Our Group On The Valletta Food Tour
Our Group On The Valletta Food Tour

When our friends at Offbeat Malta Food Trails invited us on their Valletta Food Tour, we jumped at the opportunity. Jonathan and I love food tours; it’s such a great way to experience local food and also to learn a little about the history and culture of a region. 

And even though we have lived in Malta for a few months now, we still enjoy playing tourists on our own doorstep. Malta has an incredible history, and although we visit Valletta regularly (well, it’s only a five-minute ferry ride away for us), we are still always amazed by how much there is still to discover about our new home.

Meet And Greet

The meeting point for the Valletta Food Tour is on the steps outside the front entrance to St. John’s Co-Cathedral in St. John’s Square. If you get the chance when you visit Malta, you really should visit the cathedral; the interior is gorgeous.

But I digress (as always!).

The Valletta food tour starts promptly at 10.00 am, and you are advised to arrive by 09:45 am. We took the ferry from our home in the Three Cities, but with it being carnival weekend and the ferries running a bit late, we arrived at the meeting point with only a few minutes to spare. 

Our guide, Nick, along with six other tourists from all over Europe, all eager to experience typical Maltese food were already waiting for us! 

Some Of The Delicious Traditional Maltese Food That You’ll Experience On The Food Tour 

Pastizzi: Malta’s Favourite Street Food 

Jonathan Trying Pastizzi On The Malta Food Tour
Jonathan Trying Pastizzi On The Malta Food Tour

A great start to the day – well, any time really, in Malta is a cup of tea, or rather a glass of tea and a pastizzi.

Tea was once a luxury drink in Malta, only available for the Grand Masters of Malta, that was until the Brits came along. Well, we Brits do enjoy our tea, and we introduced tea to the masses.

The pastizzi – ooh yum! The diamond-shaped delights are traditionally filled with mushy peas or ricotta. Served hot, one bite into the warm crunchy pastry, and there’s an explosion of flakes in your mouth, along with the delicious stuffing. There’s also a good chance if you’re like me that you’ll be finding flaky pastry on your face and clothes for the rest of the day, but oh, the taste is so good. Pastizzis are classic Maltese street food and a must-eat!

Timpana – (Macaroni Pie)

Timpana - (Macaroni Pie) on the Maltese Food Tour
Timpana – (Macaroni Pie)

Now, this is a filling dish. I can’t believe this is usually served as a starter.

It’s basically the ultimate pasta pie. Macaroni in a bolognese sauce baked in pastry. Filling and very cheap!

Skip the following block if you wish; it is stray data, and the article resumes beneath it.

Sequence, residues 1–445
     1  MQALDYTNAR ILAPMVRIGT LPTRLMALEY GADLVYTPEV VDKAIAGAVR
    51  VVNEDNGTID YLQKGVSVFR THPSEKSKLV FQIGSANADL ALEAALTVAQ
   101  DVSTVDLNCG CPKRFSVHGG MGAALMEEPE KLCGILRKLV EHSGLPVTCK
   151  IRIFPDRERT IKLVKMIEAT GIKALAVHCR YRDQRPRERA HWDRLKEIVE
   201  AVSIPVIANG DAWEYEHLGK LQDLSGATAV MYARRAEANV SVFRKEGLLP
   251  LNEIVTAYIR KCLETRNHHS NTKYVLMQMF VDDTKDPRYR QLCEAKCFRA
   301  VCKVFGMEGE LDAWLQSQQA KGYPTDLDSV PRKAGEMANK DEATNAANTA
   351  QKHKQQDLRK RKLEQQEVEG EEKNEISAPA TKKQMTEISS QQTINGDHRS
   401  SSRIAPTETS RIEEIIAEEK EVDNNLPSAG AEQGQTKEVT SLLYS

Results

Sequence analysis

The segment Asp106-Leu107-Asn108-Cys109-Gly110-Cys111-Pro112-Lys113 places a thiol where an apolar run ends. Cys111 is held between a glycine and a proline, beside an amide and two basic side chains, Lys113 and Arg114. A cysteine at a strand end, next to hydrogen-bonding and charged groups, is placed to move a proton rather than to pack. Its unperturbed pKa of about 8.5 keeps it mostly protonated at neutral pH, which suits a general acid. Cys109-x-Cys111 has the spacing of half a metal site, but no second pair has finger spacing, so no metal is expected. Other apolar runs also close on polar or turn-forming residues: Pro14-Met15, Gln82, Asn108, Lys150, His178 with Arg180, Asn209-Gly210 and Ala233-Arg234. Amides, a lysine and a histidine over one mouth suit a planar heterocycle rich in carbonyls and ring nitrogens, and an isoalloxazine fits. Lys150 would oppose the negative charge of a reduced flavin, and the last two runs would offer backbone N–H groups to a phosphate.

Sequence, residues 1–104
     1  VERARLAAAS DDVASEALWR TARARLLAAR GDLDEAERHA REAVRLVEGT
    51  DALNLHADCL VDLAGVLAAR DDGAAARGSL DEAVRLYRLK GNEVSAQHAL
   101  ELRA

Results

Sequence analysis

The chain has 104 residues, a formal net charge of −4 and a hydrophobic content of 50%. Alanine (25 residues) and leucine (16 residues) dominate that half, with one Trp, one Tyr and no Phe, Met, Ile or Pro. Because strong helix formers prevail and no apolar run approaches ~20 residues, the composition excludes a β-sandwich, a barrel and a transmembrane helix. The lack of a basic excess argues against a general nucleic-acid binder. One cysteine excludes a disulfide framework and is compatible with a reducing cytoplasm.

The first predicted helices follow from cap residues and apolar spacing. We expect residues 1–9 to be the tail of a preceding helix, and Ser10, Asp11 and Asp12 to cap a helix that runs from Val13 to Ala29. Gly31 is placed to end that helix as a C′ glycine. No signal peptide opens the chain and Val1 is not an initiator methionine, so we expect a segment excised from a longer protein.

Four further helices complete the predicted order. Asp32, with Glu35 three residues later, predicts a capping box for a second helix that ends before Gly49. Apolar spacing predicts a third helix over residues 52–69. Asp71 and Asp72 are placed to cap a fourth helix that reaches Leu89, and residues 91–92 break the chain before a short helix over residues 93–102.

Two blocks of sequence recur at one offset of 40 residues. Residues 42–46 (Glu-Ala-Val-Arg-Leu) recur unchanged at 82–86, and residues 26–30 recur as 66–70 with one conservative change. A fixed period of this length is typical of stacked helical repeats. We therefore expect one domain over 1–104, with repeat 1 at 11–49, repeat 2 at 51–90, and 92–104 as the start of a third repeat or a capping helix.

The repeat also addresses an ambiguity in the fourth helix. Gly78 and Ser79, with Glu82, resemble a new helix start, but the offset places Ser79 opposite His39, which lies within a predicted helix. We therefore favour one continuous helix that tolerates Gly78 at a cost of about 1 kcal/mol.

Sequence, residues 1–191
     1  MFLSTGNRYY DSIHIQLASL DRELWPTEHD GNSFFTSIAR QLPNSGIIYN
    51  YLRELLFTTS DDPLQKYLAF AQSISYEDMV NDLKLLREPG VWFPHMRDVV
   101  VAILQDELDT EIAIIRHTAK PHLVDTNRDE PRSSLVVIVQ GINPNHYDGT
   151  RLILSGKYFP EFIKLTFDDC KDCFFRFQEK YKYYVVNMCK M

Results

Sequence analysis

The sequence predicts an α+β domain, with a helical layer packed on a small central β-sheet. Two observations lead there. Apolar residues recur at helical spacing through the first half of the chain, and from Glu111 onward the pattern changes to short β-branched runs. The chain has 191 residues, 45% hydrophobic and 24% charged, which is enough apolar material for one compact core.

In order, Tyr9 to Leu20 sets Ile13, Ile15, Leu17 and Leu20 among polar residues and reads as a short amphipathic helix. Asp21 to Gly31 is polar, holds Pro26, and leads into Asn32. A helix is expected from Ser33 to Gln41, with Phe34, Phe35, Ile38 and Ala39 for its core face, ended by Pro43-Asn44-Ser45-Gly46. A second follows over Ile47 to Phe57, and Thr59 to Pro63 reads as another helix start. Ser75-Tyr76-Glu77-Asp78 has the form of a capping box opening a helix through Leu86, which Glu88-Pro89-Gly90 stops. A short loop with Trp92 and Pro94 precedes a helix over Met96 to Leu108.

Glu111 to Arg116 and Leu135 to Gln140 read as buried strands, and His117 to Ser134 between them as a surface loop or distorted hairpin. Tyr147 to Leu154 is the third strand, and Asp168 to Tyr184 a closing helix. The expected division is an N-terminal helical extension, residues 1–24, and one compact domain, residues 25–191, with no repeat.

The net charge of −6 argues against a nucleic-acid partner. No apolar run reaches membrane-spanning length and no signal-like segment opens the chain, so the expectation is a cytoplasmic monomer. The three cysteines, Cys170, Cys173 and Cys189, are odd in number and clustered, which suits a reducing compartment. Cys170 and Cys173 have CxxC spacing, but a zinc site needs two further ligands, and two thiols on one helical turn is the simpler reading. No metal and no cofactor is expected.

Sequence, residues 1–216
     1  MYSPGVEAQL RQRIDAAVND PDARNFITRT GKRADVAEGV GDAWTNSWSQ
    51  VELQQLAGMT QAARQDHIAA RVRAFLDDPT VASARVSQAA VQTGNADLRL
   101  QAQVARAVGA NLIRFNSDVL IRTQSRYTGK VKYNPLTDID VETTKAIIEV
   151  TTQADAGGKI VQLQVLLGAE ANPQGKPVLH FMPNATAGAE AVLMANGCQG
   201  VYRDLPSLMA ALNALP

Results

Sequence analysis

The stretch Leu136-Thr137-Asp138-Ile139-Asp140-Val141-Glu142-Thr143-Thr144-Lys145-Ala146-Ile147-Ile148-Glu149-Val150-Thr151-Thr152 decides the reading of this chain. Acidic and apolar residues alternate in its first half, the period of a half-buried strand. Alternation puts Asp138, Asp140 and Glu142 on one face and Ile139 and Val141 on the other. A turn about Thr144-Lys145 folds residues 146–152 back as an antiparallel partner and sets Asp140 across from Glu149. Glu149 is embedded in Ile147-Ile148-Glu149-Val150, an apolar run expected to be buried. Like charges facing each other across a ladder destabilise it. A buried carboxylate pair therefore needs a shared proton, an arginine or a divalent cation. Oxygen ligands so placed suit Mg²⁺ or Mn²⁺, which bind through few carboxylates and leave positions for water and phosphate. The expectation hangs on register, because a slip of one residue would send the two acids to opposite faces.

Traditionally, timpana was prepared for the Sunday meal. In the past, the Maltese women would carry large trays of timpana to the communal ovens in the village bakeries.

Maltese Platter 

Delicious Food on A Maltese Platter
Maltese Platter

Now Jonathan and I have this dish a lot, especially in the summer with friends and a glass or two of wine. It’s a dish made for sharing.

Everywhere has its own variation, but the Maltese platter typically comes with bread covered with a tomato paste, some stuffed olives, gbejniet – a local sheep’s cheese, Maltese crackers, sausage, and bigilla – a paste made with broad beans. 

Fenek Moqli (Rabbit Served With Mashed Potatoes)

Malta Food Favorite Fenek Moqli (Rabbit Served With Mashed Potatoes)
A Dish Of Fenek Moqli (Rabbit Served With Mashed Potatoes)

Fenek moqli is a fried rabbit that’s been marinated in wine with bay leaves and seasoning. It’s then fried in good quality olive oil, then simmered in a casserole until tender. 

It looked and smelled delicious, and Jonathan said it was the best rabbit dish he’d ever eaten. Tempting as it seemed, I just couldn’t eat it because I used to have a pet rabbit named Gilbert, and it would feel so wrong. 

When I explained to the waiter why I couldn’t eat the rabbit, he exclaimed, ‘You are justa like my wife!’ Was that good or bad? Anyway, he brought some stuffed olives and yummy nibbles over in case I was peckish. 

After all this savoury food, now it was time for something sweet. Yay!

Carob Infused Drink 

Toasting With A  Carob Infused Drink
Toasting With A Carob Infused Drink

Now, you probably don’t think of chocolate when you think of Malta, but a quick visit to Chocolate District will change your mind. We have walked passed this shop a hundred times, how was I unaware of the yummy, chocolate delights that lay behind the door.

After nibbling a few chocolate samples, well, I hadn’t eaten the rabbit! We enjoyed a delicious carob infused drink with prickly pear. Other choices on offer included fig, fennel, or honey! 

The chocolate is extremely rich, so you don’t need much to satisfy your sweet tooth. 

Comfortably stuffed, it was time for a real dessert. 

Date Fritter Served With Ice Cream

Date Fritter Served With Ice Cream
Date Fritter Served With Ice Cream